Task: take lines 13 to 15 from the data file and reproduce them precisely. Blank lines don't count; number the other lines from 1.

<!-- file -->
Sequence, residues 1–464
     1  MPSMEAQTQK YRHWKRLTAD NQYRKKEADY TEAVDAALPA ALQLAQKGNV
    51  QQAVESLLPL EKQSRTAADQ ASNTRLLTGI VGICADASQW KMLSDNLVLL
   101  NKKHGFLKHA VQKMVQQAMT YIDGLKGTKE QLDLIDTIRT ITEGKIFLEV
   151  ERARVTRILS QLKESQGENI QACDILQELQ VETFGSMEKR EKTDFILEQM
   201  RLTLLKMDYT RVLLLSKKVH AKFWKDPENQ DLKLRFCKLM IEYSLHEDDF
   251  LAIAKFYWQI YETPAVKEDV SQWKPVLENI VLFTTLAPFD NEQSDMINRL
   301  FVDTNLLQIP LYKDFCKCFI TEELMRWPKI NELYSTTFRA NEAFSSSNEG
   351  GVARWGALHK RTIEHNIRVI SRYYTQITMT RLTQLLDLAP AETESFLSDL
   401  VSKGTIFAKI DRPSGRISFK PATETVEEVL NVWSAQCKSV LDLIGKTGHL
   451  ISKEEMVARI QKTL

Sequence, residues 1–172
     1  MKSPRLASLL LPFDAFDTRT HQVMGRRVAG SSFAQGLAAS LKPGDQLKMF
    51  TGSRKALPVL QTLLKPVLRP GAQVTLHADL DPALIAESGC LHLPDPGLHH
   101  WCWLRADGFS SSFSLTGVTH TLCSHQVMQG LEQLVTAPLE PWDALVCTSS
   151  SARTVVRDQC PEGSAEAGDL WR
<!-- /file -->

     1  MKSPRLASLL LPFDAFDTRT HQVMGRRVAG SSFAQGLAAS LKPGDQLKMF
    51  TGSRKALPVL QTLLKPVLRP GAQVTLHADL DPALIAESGC LHLPDPGLHH
   101  WCWLRADGFS SSFSLTGVTH TLCSHQVMQG LEQLVTAPLE PWDALVCTSS